Assembly as a First Programming Language

Programming languages, just as spoken language, are constantly evolving. They have come a long way since the era of punch cards and assembly language. We have low level languages, and high level languages. There’s functional languages and object-oriented languages. There are programming languages created specifically for code golfing, and there are joke programming languages such as Brainfuck.

With high level languages, such as Python or JavaScript, you can usually express your ideas faster than in a lower level language such as, say, C. So it’s a no-brainer that higher level languages are more widely used than low level ones.

High level languages have also gained adoption as educational programming languages, which, in my opinion, is unfortunate. That’s not to say I find languages like Python bad for teaching. But I do believe that there’s greater learning potential with assembly language — preferably one with a reduced instruction set.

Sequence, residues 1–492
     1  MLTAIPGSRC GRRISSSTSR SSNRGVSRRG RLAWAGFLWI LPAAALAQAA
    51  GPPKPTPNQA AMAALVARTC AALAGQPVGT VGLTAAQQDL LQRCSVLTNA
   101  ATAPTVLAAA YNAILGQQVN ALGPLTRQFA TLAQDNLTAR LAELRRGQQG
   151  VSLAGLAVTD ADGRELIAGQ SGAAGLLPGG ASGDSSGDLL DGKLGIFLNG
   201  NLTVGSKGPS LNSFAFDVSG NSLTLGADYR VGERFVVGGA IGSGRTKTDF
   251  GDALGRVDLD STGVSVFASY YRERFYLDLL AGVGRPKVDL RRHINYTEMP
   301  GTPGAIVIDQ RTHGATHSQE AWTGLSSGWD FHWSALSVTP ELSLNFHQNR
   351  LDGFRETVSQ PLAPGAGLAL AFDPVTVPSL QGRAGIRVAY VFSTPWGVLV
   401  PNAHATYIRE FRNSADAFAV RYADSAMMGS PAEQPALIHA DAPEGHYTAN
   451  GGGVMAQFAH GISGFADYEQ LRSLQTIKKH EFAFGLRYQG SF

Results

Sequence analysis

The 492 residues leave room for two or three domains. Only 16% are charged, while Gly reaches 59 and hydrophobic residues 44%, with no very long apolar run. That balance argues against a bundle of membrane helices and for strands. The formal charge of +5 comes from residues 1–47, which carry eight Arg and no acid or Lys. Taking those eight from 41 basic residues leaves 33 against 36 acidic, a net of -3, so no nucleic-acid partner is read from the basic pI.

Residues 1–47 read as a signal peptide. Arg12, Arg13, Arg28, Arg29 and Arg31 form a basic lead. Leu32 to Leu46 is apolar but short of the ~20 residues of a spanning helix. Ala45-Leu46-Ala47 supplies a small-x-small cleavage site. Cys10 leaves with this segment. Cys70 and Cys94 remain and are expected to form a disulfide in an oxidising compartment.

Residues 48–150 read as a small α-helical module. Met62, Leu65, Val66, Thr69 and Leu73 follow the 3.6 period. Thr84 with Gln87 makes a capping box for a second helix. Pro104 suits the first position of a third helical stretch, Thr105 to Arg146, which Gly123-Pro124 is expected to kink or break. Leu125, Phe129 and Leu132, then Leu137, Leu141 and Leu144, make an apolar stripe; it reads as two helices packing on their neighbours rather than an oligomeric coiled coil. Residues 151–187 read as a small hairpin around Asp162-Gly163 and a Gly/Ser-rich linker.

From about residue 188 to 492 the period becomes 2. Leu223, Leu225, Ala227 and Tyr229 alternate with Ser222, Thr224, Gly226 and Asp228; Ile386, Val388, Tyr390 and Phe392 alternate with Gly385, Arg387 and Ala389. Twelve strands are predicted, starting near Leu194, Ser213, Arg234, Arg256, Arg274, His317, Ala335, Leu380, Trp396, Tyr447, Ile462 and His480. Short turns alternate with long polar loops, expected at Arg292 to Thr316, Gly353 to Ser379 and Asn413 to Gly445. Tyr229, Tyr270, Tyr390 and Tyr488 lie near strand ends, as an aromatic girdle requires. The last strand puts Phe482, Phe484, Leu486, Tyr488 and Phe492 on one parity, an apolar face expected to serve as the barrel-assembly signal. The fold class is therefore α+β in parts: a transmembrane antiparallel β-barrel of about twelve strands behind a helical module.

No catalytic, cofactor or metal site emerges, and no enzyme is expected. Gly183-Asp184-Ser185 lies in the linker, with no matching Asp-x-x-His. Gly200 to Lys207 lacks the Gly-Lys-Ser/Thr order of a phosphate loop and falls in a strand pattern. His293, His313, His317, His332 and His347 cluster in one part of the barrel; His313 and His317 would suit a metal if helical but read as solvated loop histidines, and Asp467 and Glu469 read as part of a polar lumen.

My belief comes from the simple fact that high level languages are much more complex: the syntax and the feature set make for an overwhelming experience.

Take this piece of code in ARM assembly that prints a string that is stored in the .data section:

mov X0, #1
ldr X1, =thestring // stored in .data
mov X2, #6 
mov X8, #64
svc 0

Now compare it to printing a string in Python:


Clearly the Python code is much simpler at a glance, no discussion there. But what is print? You could say, “oh that’s a function that prints the string to the standard output”, and you would be right. But what is a function?

In the assembly code snippet, it seems like there’s quite a lot more going on. However, once you get past the preliminaries, it becomes glaringly obvious. It’s a simple system call. All you need to know is that stdout is assigned the file number 1 and it is opened for you by the OS. So we invoke the write system call, with the file we want to write to, along with the data we want to write. The magic disappears.

With assembly language, everything becomes evident, from variables to loops to functions to pointers — there’s no magic anymore. Most people won’t need to use assembly language in their day-to-day work, but everybody would benefit from the things you pick up as you learn it.


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